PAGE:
GOP's Rand Paul, Dems' Luis Gutierrez in step on immigration reform
Rep. Luis Gutierrez (D) and Sen. Rand Paul (R), in separate forums Tuesday, struck common ground on some of the thorniest issues surrounding immigration reform. Is a bipartisan deal close?
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“I don’t really think it’s our insistence anymore.... I think if anything, there is greater consensus on the issue of citizenship,” Gutierrez said. “There won’t be a ‘special.’ ”Skip to next paragraph
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The road to citizenship, he said, is “perhaps not an easy path or a uniform path for every undocumented immigrant who is legalizing to arrive at a green card at the end of the exact same process, taking the exact same number of years for every person legalizing, but I will not prohibit immigrants who are legalizing from ever being citizens if they choose to apply.”
On perhaps the thorniest policy issue of the immigration debate – the matter of “future flows,” or how many foreign workers and immigrants to allow into the US each year – the two lawmakers also struck common ground.
“The Republican Party must embrace more legal immigration,” Paul said plainly.
Those few words pack a direct rebuff to low-immigration advocacy groups, who hold great sway among Republican lawmakers, and to those GOP members who say more immigration hurts American workers more than it helps the overall economy.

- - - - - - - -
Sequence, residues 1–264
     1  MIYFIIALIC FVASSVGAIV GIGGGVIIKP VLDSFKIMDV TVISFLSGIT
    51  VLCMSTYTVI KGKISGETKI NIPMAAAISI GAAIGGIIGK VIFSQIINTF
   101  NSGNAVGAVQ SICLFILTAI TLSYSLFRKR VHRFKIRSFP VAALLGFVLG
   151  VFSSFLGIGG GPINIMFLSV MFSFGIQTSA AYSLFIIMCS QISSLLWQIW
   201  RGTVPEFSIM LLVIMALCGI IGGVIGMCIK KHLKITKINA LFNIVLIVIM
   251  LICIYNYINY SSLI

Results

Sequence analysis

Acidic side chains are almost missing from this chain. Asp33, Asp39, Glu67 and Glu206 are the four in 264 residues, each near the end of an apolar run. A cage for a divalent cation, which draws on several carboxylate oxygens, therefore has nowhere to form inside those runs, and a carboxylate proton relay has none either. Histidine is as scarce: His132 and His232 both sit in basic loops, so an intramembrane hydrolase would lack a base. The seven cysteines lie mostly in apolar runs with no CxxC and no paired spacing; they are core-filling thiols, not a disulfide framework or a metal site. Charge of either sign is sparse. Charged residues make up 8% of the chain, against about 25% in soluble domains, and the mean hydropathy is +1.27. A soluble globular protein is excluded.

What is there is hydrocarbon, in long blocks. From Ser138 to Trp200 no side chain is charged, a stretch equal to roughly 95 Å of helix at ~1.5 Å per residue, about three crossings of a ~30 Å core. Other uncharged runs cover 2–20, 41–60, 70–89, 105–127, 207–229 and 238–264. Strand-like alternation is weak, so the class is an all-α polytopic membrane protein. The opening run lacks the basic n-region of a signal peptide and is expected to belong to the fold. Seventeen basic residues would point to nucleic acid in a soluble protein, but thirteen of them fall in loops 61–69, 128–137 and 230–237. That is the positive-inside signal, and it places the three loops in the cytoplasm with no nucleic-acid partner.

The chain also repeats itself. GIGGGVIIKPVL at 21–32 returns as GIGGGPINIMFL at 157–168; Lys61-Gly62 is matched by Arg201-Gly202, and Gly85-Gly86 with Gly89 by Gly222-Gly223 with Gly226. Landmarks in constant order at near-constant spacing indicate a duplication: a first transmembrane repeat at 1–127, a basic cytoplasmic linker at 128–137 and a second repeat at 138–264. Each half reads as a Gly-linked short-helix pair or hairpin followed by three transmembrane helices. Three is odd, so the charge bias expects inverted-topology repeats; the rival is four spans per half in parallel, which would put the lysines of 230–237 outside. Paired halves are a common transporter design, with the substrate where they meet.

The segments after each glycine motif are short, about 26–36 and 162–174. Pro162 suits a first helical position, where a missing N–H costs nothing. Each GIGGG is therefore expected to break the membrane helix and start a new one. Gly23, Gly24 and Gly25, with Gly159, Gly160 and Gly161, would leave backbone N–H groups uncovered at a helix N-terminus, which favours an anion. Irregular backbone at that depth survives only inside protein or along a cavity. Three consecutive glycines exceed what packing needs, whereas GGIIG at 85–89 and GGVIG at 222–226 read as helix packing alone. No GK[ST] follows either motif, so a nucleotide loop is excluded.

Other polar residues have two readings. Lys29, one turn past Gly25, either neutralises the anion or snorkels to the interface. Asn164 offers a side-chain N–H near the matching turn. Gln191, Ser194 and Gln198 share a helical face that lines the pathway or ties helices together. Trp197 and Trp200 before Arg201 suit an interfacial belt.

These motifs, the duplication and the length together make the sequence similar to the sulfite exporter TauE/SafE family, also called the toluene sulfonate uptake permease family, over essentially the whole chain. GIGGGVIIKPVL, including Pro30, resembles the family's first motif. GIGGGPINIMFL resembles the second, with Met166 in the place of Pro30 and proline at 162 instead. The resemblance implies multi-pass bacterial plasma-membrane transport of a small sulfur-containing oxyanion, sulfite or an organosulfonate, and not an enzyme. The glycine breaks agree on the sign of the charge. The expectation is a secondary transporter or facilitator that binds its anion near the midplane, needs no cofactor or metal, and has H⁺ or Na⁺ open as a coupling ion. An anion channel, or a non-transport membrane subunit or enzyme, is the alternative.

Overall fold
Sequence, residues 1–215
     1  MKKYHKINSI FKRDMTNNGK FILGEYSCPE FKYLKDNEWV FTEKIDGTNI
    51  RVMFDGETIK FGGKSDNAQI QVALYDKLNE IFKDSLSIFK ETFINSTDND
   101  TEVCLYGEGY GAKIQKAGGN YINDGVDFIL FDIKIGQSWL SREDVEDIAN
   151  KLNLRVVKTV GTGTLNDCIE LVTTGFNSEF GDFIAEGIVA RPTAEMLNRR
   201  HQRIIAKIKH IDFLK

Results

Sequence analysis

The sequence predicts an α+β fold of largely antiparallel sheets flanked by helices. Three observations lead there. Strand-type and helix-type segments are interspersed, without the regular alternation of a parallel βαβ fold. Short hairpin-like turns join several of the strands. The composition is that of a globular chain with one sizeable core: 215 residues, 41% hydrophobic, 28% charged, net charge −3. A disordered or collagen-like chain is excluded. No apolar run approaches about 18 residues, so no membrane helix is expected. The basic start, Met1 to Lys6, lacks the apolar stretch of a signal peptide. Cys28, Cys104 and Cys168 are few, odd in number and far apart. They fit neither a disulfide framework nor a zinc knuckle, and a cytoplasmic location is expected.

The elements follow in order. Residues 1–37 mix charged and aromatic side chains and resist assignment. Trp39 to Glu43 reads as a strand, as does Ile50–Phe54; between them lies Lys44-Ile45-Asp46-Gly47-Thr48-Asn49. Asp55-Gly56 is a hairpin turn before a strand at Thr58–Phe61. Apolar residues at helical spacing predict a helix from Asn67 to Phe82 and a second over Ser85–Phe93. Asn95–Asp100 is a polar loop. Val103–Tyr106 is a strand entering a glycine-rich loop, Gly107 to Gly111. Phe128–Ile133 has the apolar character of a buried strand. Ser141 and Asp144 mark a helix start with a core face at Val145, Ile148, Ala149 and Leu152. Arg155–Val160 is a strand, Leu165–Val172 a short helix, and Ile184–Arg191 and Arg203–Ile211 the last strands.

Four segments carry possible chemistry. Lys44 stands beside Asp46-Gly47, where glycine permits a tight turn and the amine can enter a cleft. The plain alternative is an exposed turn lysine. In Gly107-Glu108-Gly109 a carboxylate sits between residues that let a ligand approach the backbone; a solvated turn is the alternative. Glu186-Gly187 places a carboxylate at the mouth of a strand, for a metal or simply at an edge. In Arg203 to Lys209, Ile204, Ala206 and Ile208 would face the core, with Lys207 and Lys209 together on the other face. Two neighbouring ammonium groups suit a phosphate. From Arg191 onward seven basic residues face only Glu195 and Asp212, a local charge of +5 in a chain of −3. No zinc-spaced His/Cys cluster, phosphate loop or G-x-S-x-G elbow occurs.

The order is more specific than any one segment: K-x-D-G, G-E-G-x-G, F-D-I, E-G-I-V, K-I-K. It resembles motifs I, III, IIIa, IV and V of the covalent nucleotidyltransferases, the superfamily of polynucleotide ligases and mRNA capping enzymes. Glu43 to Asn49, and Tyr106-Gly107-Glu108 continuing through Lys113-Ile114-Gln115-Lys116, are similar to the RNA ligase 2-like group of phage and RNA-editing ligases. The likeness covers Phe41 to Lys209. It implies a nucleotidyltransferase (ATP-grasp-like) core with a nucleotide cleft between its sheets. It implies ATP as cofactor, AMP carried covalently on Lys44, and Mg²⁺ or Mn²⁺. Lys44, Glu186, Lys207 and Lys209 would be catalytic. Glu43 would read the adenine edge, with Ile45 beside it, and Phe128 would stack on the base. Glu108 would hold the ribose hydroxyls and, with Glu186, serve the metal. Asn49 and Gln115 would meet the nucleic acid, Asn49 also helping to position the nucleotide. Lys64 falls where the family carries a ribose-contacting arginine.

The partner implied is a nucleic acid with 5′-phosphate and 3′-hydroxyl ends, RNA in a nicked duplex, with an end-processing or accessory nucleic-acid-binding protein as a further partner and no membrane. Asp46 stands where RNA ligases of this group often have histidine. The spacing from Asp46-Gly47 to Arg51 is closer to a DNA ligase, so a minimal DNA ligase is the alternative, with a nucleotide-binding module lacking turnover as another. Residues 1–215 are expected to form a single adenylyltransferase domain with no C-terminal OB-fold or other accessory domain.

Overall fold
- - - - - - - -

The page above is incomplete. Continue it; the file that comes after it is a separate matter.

On the flip side, Gutierrez endorsed more foreigners coming to the US for work in the future (a desired prize of corporate America and the agriculture industry) even as he stressed the need for employee protections (a key demand of labor unions).
“You cannot do this without future flows. Democrats have to come to the table and understand that our economy needs workers,” he said. “The problem is, you have to protect workers who are working those fields, too. We’ll get the future flows. We have to make sure that the future flows have a relationship with needs.”
With the Senate’s “gang of eight” lawmakers split between Republicans and Democrats, the addition of Paul – who on Tuesday broadly supported the principles the Senate gang laid out earlier this year – the Senate now appears to have at least the 60 votes needed (all 55 Democrats and five Republicans) to defeat a filibuster.
In the House, Rep. Raul Labrador (R) of Idaho said last week that the House working group, which includes Gutierrez, may finish its work before the Senate does. The Senate is expected to introduce immigration legislation in early April.
That doesn’t mean immigration reform is a done deal. The “in principle” agreements still need to become "on paper" legislation, and lawmakers who are skeptical of boosting immigration levels or legalizing the undocumented, such as Sen. Jeff Sessions (R) of Alabama, are not going to be pushed aside. On Tuesday, Senator Sessions and several other Republicans sent a letter to Senate Judiciary Committee Chairman Pat Leahy (D) of Vermont asking for lengthy committee consideration of any potential immigration legislation.
“A sound process will take months, not days or weeks,” Sessions said in an e-mailed statement, citing the experience of the much-maligned health-care reform law. “And we’d be better off taking a step-by-step approach than trying to deal with these complex and emotional issues in one massive piece of legislation.... The consequences are simply too profound for American workers and taxpayers to rush through some thousand page amnesty bill to passage only to find out what’s in it later.”
Immigration advocates, however, are not keen on the prospect of months of hearings on proposed reforms. “We are under a time pressure to resolve this issue because the moment is right politically and the further away we get from Election Day 2012,” Gutierrez said, “the less urgency there will be.”
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